Separatist Catalan leaders on Saturday called on the Spanish government to hold talks as thousands protested for a sixth day in Barcelona.
Protestors accused police of “repression” and chanted “we are people of peace” following a night of clashes during which nearly 200 people were hurt.
They called riot police who had sealed off the demonstration “occupation forces” and one young demonstrator who asked to remain anonymous told AFP: “For me, this is not violence, it is self defence.”
Overnight Friday, radical separatists had hurled rocks and fireworks at police who responded with tear gas and rubber bullets.
Regional interior minister Miquel Buch, who backs the movement for independence, urged protestors to be peaceful on Saturday.
Regional president Quim Torra meanwhile said in a speech: “We exhort the head of the government to fix today a day and hour to sit with us for unconditional talks.”
His demand for “unconditional” negotiations, addressed to Spanish Prime Minister Pedro Sanchez, appeared to be aimed at ensuring that a referendum on independence, currently a non-starter for Madrid, was up for discussion.
The Spanish government replied that it had “always been open to dialogue in the framework of respect for the law”.
It also called on Torra to condemn the violence, “which he has not done so far”.
- 'Barcelona does not deserve this' –
Barcelona has been rocked all week by protests against a Spanish court's jailing of nine separatist leaders on sedition charges over the failed 2017 independence bid.
Emergency services said Saturday that 152 people had been injured in overnight clashes in Barcelona. Dozens more hurt elsewhere in Catalonia, taking the total to 182.
Authorities had already reported 500 injured since protests started Monday.
The interior ministry said 83 people were detained in the overnight violence, in addition to 128 arrests police had reported previously.
“This can't go on, Barcelona does not deserve this,” said Ada Colau, the city's leftist mayor on Saturday, condemning “all kinds of violence”.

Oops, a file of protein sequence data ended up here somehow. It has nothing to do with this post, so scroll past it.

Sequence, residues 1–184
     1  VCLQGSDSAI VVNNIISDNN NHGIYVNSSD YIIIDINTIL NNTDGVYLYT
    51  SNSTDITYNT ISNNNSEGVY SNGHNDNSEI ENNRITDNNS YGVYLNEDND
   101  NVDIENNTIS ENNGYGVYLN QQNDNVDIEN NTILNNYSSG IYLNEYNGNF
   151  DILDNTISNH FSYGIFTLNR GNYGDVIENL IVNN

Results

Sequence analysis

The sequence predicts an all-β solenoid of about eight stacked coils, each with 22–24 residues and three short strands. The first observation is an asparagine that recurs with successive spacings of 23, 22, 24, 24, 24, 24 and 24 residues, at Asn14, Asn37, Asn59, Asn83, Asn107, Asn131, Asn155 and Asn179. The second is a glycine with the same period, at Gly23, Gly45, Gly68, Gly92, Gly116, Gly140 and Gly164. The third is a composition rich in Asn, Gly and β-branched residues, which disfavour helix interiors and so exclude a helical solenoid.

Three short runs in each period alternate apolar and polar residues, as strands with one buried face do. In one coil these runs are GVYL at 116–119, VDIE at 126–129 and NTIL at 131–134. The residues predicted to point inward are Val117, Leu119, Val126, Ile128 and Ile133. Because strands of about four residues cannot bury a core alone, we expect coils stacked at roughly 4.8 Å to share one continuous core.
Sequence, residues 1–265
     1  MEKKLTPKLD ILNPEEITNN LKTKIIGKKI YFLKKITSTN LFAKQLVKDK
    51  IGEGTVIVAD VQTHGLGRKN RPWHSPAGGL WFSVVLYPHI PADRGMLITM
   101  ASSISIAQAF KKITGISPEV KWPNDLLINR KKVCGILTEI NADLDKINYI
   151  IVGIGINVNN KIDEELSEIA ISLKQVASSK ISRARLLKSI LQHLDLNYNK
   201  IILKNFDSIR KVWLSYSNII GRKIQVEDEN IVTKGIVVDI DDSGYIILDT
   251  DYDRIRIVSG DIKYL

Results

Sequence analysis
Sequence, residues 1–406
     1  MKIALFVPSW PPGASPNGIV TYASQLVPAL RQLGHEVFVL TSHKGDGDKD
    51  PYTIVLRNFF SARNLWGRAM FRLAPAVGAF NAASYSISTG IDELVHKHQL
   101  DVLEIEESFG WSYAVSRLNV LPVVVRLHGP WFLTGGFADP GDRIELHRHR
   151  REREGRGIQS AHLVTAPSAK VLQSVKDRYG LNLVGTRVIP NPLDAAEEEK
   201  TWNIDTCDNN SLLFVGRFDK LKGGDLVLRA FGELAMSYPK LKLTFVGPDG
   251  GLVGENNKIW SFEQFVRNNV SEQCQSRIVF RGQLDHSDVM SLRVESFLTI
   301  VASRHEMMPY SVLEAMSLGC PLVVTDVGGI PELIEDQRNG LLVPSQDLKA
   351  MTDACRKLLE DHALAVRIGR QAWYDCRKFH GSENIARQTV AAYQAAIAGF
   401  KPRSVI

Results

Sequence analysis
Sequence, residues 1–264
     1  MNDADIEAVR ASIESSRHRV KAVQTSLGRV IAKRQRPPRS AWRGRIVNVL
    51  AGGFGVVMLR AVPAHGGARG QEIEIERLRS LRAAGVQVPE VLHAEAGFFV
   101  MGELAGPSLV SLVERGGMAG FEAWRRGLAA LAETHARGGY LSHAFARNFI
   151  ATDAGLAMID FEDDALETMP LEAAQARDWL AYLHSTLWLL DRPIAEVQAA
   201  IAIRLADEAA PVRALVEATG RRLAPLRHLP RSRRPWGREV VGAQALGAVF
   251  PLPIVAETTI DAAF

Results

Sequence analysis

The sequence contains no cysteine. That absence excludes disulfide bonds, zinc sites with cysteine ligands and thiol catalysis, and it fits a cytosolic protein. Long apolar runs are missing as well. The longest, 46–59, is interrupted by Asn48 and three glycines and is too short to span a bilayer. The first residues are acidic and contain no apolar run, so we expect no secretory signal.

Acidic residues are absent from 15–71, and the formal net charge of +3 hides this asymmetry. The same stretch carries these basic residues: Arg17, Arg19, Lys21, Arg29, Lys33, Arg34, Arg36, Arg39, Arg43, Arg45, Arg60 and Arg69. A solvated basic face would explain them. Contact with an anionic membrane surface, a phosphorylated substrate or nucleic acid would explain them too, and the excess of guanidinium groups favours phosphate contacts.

“All this is very sad, and is not helping our cause,” said Assumpcio Segui, a 75-year old pro-independence pensioner.
Torra also urged demonstrators to remain calm. “The defense of rights and freedoms must always be expressed peacefully,” he said.
While most marchers appeared peaceful, hordes of young protesters went on the rampage near the police headquarters, igniting a huge blaze as police fired teargas to disperse them, an AFP correspondent said.
Other fires broke out near Plaza de Catalunya at the top of the tourist hotspot Las Ramblas.
Police vans fanned out around the city, sirens screaming as regional police warned people in a message in English on Twitter “not to approach” the city centre.
- 'Clasico' postponed –
On Friday, around half a million people had rallied in Barcelona, the biggest gathering since Monday's court ruling.
Thousands of “freedom marchers” from five regional towns had arrived in Barcelona the same day, which coincided with the general strike in a region that accounts for about a fifth of Spain's economic output.
That action prompted the cancellation of flights and the closure of shops, business and top tourist attractions, including the Sagrada Familia basilica.
With the region mired in chaos, football authorities cancelled the Barcelona and Real Madrid Clasico set for October 26 at the Camp Nou stadium.
Both clubs had reportedly refused an offer to hold the match in Madrid.
Monday's judgment by the Supreme Court has thrust the Catalan dispute to the heart of the political debate as Spain heads towards a fourth election in as many years on 10 November.
Conservative Pablo Casado said his Popular Party would be a “dyke against the separatist challenge” while the centre-right Ciudadanos party called Torra a “public danger” who should be dismissed.